Young and fearless: 4 youth activists shaping the climate change narrative for a better future
Greta Thunberg has become a household name all over the world. The 18-year-old Swedish environmental activist has caused a stir in recent years. She first became aware of climate change when she was 8 years old. She was 11 years old when she decided not to speak because of climate change, and at 15 years old she started what would become a worldwide movement known as #FridaysforFuture.
Greta has gained significant traction through global campaigns, speeches to parliaments, documentaries, articles, and her most prestigious Nobel Peace Prize nomination. She has not only spoken out in front of the world, but she has also inspired other young activists to do the same. This article will showcase 4 of the emerging youth activists and what they're doing to aid the world.
Alexandria Villaseñor, 17, a supporter of Greta Thunberg who regularly skips school on Fridays to protest in front of the UN, was inspired and influenced by her trip to California in 2018 at the height of the state's most destructive wildfire in recorded history. Her asthma was aggravated by the wildfire smoke, which inspired her to look into how climate catastrophes like this are caused.
She was inspired and became a national and international organiser of the 2019 first-ever global youth climate strike, which brought together 1.6 million young people from 123 nations to urge world leaders to take action on
She also had a significant influence by formally complaining to five major countries. As it breaches the UN convention, this lawsuit penalised them for their lack of involvement in climate change. Alexandria aims to cut greenhouse gas emissions by 50% by 2030. She keeps gaining attention thanks to her 2019 Tribeca Film Festival "Disruptor Award," Politico's list of the top 100 people who shape climate policy, and her continued strikes, activism, and action until the change takes place.
Pooja Tilvawala is a 2018 American university graduate who aided in ocean and climate-related projects at the meridian institute. Her original interest stemmed from a climate change conference she attended in college and was intrigued as to how within the environment and climate change, everything is intersected. When she worked for the Kennebunkport climate initiative as a youth network strategic consultant she identified a number of barriers young people face when getting involved in climate change. She was inspired to create a collective agency of youth climate movements.
The Youth Climate Collaborative was founded in 2019 with the aim to make the pathway easier for young people to get involved in climate work. Pooja identified that barriers are continuous and range from finances to retaining individuals' efforts. The organization allows a way for young people to access databases regarding climate projects near them as well as resources and opportunities for them to scale up their work.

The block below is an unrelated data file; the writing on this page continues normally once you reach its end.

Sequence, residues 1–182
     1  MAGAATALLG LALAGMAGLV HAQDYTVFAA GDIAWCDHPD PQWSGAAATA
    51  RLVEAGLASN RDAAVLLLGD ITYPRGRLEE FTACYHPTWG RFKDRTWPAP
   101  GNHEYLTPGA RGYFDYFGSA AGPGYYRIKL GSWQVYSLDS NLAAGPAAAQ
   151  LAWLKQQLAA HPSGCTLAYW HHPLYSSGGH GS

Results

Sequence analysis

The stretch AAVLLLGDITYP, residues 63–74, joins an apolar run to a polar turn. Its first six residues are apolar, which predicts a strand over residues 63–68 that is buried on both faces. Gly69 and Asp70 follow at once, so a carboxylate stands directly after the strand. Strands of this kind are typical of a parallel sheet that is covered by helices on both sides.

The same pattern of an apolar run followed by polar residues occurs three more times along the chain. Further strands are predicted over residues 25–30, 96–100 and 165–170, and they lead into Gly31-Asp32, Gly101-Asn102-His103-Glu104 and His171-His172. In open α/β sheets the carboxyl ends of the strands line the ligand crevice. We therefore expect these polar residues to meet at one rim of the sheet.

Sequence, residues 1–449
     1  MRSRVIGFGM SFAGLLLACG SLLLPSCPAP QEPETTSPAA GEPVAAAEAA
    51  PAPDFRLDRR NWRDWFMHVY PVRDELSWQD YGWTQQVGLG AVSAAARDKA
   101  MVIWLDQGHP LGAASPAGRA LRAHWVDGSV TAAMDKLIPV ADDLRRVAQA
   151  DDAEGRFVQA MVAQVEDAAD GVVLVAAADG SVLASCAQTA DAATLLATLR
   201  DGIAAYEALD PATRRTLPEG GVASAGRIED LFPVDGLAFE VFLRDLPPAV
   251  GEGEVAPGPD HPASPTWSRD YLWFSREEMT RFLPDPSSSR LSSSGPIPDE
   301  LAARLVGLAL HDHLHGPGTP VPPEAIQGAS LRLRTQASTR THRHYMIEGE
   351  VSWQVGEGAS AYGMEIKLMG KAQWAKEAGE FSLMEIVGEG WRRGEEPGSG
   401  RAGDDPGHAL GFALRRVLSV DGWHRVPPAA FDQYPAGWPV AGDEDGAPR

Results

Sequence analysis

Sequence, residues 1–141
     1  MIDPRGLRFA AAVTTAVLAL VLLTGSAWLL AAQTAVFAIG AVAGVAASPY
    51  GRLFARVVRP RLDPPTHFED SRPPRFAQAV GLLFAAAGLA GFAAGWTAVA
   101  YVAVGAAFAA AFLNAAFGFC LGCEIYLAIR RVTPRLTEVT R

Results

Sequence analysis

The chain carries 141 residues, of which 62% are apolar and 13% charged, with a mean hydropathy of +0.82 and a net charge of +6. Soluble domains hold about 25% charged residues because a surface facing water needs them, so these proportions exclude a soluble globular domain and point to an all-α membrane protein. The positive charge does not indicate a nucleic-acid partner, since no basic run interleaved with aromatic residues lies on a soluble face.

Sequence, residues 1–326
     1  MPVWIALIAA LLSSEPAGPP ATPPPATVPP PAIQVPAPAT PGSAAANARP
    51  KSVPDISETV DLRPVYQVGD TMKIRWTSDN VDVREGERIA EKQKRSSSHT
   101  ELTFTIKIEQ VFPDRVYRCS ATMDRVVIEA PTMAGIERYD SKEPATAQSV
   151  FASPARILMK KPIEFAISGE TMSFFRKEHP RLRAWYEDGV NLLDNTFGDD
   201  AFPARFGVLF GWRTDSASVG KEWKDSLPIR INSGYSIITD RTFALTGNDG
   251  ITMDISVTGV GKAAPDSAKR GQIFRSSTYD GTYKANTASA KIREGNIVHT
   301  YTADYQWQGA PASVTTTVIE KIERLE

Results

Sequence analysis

Nyombi Morris, a 24-year-old campaigner from Uganda, has personally seen the worst effects of climate change. The struggle to provide food and shelter for his mother, two siblings, and himself throughout his childhood in Uganda was already challenging enough without the abrupt, brief flooding. Their property was damaged and valuable objects were washed away whenever it rained and the surrounding river overflowed.
One day Nyombi saw people dumping rubbish into a water-only drainage system, causing blockages,
and that's when he realised the source of the issue.
When Nyombi questioned the people, they said that the government and rubbish collection businesses had not provided them with the appropriate assistance. He soon discovered that Uganda is extremely vulnerable to major climatic disasters, which struck a connection with him.
Nyombi, who is currently the CEO of his non-profit organisation "Earth Volunteers," a United Nations OCHA ambassador, and a future CNN environmentalist, has a clear vision about what he wants. He thinks influential figures haven't done enough to address and aid the climate change crisis. He wants international leaders to adopt new attitudes and begin valuing people's means of subsistence. According to Nyombi, the solution is for leaders to communicate with people as they do during elections and campaigns and to pay attention to what the public wants.
Kasha Slaver, a 23-year-old multi-award-winning Canadian filmmaker, rounds out the list. '1.5 Degrees of Peace' and 'The Sunrise Storyteller,' two films by the filmmaker, storyteller, and social justice campaigner, explore the relationship between climate change and conflict. She was inspired by the way peace and climate justice are interconnected after attending a UN conference.
The Global Sunrise Project was founded as a space for her to tell stories and educate others about the cause as a result of this inspiration.
Kasha believes that peacebuilding is the best way to help the world deal with climate change, because a united front against the problem is more powerful. She not only leads workshops on climate change and peacebuilding, but she is also a National Geographic Learning public speaker.
The power of a single individual is underestimated. Greta Thunberg, alone, has inspired and ignited a passion in hundreds of young people around the world through her determination for one life-changing cause. This article's youth activists are not only products of this inspiration, but they are also creating a new narrative for a previously under-recognized area. If climate change is taken seriously, forests are restored and pollution is reduced, to name a few, global livelihood will increase exponentially. Gen Z is the generation causing a stir and a monumental impact but they cannot do it alone. It will take the world to combat climate change; but will it be world leaders or the youths of today who create enough noise to combat climate change?